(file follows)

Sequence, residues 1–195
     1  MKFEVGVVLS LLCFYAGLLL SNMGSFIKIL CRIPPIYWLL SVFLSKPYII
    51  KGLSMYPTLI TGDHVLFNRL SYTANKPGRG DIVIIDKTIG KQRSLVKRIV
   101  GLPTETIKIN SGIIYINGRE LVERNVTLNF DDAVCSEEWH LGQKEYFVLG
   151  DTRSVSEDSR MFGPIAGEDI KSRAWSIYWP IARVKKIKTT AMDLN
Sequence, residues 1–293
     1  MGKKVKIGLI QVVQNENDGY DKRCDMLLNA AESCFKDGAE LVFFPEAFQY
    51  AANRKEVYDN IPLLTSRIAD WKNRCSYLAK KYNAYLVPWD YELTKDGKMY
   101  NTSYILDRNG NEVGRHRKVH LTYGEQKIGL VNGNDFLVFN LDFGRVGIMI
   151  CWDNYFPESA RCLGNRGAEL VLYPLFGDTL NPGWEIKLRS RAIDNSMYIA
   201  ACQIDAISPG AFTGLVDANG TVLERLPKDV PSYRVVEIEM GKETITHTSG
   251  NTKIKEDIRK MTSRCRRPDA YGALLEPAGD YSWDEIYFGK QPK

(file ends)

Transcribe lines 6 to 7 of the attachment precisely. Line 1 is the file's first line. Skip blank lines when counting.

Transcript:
Sequence, residues 1–293
     1  MGKKVKIGLI QVVQNENDGY DKRCDMLLNA AESCFKDGAE LVFFPEAFQY